Thursday, June 8th, 2000
ACS warns of rising skin cancer incidence

The American Cancer Society reminds everyone to avoid skin cancer by practicing safe sun habits.
With nearly one-million new cases expected this year, skin cancer accounts for one-half of all new cancers. The incidence of melanoma, the most dangerous form of skin cancer, has doubled in the past 25 years. Nearly 80 percent of all skin cancers are preventable. The leading risk factor for this disease is prolonged exposure to the sun. It is especially important to safeguard young people from the sun, because sunburns received in childhood increase the risk of developing skin cancer later in life.
The American Cancer Society has a simple message that will lessen the chances of getting skin cancer:
Slip. Slop. Slap. Wrap.
When out in the sun, remember to Slip on a shirt, Slop on sunscreen with an SPF of 15 or higher, Slap on a hat that shades the face, neck and ears, and Wrap a pair of sunglasses around your eyes. Whenever possible, you should stay out of the sun during the peak hours of 10 a.m. to 4 p.m.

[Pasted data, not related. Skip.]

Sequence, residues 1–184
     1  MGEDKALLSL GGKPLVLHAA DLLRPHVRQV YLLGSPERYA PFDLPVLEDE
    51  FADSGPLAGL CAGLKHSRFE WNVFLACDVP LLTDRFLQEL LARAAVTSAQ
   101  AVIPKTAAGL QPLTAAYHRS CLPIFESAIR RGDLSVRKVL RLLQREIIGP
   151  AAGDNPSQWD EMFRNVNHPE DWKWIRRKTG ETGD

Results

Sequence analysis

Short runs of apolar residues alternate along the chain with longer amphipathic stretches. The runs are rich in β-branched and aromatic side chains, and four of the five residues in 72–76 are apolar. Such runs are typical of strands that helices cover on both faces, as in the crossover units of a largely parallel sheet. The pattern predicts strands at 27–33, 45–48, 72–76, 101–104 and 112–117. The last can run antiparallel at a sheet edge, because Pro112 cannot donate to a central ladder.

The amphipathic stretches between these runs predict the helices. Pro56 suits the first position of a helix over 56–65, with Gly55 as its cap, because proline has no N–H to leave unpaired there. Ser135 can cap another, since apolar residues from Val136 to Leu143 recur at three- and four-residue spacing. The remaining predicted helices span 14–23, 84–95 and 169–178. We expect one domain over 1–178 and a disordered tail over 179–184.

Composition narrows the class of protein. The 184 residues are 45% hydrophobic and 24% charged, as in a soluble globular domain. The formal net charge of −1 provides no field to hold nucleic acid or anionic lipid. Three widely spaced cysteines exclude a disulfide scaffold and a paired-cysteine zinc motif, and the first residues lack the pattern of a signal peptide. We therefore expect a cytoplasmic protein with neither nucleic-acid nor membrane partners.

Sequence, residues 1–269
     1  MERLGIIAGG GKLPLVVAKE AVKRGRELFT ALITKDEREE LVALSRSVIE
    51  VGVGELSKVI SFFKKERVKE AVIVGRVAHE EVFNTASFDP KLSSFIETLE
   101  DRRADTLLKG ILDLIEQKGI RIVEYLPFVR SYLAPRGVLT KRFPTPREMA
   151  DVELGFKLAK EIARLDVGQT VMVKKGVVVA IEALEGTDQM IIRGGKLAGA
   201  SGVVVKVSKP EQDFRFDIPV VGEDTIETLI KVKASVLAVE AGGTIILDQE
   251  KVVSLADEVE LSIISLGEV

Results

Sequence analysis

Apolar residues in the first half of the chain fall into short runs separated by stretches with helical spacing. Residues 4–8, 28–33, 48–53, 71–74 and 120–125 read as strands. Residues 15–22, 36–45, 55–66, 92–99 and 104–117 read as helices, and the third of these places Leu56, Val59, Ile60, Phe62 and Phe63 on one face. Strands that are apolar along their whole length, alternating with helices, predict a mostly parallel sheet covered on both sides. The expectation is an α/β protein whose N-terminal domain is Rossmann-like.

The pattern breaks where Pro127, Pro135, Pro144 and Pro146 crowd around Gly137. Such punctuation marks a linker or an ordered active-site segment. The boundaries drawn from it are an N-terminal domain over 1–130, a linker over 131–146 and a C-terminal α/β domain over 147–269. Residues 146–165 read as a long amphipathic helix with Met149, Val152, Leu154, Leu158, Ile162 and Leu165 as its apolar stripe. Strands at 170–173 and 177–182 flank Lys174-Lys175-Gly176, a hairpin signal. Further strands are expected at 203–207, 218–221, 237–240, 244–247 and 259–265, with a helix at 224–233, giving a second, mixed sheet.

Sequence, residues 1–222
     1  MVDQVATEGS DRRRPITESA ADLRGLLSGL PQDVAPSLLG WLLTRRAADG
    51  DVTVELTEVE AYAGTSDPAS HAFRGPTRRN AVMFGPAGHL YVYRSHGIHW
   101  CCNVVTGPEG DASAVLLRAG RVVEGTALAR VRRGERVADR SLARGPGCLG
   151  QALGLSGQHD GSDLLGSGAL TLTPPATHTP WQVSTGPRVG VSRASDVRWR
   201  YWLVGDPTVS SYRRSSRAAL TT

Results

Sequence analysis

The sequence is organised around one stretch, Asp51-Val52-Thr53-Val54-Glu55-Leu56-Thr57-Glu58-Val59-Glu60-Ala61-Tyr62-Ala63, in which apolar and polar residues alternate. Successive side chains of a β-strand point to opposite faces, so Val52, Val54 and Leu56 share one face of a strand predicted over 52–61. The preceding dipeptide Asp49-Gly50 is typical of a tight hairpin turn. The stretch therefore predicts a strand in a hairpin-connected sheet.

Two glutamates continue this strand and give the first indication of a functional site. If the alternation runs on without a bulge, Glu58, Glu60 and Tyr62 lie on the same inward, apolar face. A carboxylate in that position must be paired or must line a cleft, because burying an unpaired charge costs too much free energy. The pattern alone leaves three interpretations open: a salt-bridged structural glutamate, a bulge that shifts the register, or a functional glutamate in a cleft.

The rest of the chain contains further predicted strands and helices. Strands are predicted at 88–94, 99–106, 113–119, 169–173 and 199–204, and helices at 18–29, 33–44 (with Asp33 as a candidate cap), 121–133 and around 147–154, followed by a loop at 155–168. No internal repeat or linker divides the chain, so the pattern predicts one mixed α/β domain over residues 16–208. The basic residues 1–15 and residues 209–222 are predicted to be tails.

Support Group meets June 13

The monthly meeting of the Sussex Fibromyalgia Group will be held Tuesday, June 13, 7 p.m., at Nanticoke Memorial Hospital in Classroom A. A video, 'Fibromyalgia: Current Concepts in Diagnosis and Management' by Dr. Daniel Clauw, M.D., chief, Division of Rheumatology, Georgetown University Medical Center, will be the program. Friends and relatives are welcome. For further information contact Chris Bauer at 629-6611.

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